Reviewed By: Adway Girish
You’re probably going through a bunch of reviews now, trying to find something you’d like to do as your minor. Having been in the same position two years and one math minor before, I will try and cover everything that helped me make my decision and that I wish someone had told me then, starting with why I did (or one might want to consider – or avoid) a math minor. If you’re still interested after that, you will find me covering the logistics, and looking at the courses that you will have to do and how “relevant” they are to electrical engineering.
My main reason for choosing math was simply that I liked math and found the courses offered interesting. If you did not appreciate the rigour in your firstyear math courses, particularly calculus, look away, because this minor is all about rigour. If you’re looking for a minor to help you with job placements, this is not it. If you’re looking for relaxed courses with minimum effort, this is definitely not it. But don’t be put off just yet – there are benefits to doing a math minor that I have come to appreciate. The lectures happen in the math department (in an offline sem anyway) in wellventilated rooms with loads of fresh air. There are usually no more than 15 students in any given lecture, a refreshing contrast to most other courses. Alright enough with the romanticism, there are also concrete advantages to a math minor. Since each course is of 8 credits, you only need 4 courses to complete the minor (almost all other minors require 5, each of 6 credits), which means that you will be done with your minor before your final year(s), leaving you free to pick other courses that you want. The biggest edge doing a math minor will give you is familiarity with rigour and structured, logical thinking. This will come in handy particularly if you find yourself doing theoryheavy research work, especially as you start reading literature and come across all kinds of technical terms.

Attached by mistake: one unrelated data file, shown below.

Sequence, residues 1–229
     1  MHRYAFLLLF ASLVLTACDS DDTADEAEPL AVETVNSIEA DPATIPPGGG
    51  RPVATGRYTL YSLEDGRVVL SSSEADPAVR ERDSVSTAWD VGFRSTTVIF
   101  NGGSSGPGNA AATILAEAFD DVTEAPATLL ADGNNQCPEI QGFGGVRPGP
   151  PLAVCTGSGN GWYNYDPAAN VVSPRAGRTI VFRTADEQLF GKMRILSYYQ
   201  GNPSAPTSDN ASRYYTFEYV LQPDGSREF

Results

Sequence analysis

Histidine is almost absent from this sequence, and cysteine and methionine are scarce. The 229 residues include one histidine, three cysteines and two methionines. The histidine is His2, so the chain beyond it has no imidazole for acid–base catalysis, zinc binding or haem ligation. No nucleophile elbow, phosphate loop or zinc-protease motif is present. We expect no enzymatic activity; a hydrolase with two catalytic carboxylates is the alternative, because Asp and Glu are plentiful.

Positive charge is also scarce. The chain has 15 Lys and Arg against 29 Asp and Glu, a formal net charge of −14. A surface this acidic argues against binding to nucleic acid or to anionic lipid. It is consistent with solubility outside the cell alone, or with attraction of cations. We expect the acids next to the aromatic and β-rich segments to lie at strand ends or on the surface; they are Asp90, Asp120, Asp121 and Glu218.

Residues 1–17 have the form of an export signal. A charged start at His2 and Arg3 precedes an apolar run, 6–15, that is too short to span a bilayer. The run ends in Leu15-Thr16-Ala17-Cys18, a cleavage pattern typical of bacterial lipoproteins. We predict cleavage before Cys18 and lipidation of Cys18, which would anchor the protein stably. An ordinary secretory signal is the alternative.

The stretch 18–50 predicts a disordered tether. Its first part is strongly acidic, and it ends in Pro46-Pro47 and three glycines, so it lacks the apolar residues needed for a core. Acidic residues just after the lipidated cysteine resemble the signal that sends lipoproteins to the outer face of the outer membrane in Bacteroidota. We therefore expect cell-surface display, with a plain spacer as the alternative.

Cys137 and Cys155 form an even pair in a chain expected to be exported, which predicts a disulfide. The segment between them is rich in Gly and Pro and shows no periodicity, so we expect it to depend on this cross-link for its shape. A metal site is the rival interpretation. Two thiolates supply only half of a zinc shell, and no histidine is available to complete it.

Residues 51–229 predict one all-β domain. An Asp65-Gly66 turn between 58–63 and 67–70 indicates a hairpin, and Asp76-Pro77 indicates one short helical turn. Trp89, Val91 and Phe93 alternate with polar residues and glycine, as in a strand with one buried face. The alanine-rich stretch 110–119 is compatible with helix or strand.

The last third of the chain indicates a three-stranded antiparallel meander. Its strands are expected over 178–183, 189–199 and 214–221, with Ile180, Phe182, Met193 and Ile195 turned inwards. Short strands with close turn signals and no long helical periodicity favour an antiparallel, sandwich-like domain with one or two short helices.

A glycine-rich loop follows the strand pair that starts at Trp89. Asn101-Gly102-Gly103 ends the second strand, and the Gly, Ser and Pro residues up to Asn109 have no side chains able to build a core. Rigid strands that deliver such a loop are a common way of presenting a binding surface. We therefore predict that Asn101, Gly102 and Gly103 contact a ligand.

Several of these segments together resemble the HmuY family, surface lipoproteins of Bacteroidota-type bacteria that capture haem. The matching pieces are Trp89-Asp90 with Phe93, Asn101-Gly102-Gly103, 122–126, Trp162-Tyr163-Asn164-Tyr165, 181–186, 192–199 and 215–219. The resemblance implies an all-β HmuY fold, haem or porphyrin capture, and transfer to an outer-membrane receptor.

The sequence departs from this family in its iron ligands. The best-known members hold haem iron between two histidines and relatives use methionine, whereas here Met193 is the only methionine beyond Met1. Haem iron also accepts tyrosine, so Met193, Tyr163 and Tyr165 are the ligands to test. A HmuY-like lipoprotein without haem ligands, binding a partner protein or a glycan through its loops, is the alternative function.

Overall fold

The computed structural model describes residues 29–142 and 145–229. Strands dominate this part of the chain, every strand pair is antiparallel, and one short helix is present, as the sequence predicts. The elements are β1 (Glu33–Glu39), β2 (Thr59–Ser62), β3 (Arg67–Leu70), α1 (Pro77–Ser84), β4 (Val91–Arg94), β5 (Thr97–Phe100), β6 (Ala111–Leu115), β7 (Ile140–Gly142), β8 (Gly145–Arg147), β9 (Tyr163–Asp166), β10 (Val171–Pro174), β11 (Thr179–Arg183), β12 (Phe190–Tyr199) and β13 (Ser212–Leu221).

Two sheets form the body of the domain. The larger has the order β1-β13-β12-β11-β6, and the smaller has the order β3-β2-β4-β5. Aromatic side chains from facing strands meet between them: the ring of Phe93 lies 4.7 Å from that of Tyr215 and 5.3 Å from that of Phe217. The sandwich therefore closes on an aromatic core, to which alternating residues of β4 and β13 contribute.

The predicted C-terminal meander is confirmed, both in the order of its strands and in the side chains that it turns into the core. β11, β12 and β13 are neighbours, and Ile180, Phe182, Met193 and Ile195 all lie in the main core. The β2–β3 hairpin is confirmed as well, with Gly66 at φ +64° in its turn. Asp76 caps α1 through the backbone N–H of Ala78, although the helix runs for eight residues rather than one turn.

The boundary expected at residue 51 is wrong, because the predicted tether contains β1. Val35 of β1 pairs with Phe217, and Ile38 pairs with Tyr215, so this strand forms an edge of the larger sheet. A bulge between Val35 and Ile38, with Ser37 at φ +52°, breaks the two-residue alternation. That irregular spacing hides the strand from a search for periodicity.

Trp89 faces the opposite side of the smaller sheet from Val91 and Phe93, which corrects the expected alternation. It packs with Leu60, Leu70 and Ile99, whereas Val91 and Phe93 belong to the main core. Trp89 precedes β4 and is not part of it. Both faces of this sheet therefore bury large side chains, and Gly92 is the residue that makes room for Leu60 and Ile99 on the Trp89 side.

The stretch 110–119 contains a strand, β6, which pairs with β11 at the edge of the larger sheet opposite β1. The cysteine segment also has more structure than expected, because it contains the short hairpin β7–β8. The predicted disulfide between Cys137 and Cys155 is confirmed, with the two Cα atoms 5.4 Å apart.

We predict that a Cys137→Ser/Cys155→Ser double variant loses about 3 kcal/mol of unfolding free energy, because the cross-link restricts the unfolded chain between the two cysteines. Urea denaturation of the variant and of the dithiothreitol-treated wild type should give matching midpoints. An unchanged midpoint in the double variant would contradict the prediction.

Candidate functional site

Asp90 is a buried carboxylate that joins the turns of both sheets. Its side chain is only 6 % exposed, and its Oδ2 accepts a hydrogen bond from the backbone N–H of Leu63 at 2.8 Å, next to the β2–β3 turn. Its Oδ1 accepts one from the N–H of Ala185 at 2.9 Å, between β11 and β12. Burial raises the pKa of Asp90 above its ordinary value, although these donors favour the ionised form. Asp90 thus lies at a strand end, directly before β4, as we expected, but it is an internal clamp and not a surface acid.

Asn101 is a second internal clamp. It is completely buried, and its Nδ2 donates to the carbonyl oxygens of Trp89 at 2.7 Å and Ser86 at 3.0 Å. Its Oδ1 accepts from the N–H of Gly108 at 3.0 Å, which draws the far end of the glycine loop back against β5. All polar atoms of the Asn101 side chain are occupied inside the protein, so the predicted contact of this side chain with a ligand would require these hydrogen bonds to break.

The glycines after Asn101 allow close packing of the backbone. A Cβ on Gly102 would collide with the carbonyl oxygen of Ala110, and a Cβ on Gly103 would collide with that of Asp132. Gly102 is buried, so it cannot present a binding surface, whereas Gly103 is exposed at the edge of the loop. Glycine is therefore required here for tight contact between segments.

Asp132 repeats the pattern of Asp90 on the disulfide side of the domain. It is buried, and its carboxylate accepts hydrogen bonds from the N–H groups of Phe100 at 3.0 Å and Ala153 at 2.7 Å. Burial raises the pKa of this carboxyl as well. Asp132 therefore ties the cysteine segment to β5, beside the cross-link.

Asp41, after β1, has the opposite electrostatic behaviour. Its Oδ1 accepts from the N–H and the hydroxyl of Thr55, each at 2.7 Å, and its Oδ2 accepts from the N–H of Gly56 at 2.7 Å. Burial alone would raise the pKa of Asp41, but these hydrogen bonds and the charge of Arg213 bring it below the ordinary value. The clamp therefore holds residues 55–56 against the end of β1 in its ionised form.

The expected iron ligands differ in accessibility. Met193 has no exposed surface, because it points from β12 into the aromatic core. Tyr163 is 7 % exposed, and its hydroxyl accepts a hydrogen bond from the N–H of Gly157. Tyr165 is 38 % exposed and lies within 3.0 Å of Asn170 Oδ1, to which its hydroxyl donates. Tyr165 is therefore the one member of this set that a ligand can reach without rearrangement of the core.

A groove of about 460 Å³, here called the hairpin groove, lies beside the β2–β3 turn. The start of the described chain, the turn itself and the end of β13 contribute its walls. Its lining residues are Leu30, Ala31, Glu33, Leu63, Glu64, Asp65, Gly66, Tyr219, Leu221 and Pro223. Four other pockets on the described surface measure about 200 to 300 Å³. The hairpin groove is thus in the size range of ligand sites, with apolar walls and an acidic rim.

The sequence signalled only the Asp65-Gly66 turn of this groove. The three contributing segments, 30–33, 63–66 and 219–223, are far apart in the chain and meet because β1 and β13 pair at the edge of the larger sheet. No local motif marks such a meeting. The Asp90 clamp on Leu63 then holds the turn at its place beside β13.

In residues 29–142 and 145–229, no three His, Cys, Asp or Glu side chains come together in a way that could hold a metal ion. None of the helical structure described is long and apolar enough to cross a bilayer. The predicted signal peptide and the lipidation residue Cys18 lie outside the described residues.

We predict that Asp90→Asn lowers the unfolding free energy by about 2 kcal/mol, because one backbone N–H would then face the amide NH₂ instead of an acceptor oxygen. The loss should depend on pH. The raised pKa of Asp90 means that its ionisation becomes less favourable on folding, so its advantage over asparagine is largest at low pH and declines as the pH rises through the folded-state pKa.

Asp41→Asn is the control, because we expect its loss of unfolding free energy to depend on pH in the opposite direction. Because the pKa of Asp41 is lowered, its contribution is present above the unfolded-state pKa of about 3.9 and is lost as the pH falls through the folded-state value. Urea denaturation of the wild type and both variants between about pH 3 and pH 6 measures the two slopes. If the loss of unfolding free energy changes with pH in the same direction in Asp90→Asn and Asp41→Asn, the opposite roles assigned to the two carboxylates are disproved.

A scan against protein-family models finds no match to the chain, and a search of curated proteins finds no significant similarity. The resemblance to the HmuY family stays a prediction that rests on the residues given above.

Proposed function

Every week, you will have 2 lectures of 1.5 hours each (usually slot 5, which is the standard minor slot, so you should not have any clashes) and a tutorial of another 1.5 hours (usually in slot XD – Wednesday 7 PM; accounting for the additional 2 credits). You will also have to put in considerable effort each week to keep up – since everything is cumulative and builds on the past week’s content, you cannot afford to fall behind. Paying attention in lectures is usually enough to understand what’s what; you will also have to spend some time on your own to make sure you know how to use it. Some revision over the weekend or so won’t hurt. Evaluation is straightforward – two quizzes, midsem, endsem – almost always with open notes. But you do have to be fully comfortable with the theorems and concepts involved; this is where the weekly effort comes in – with the added benefit that you won’t have to do too much work right before the exam.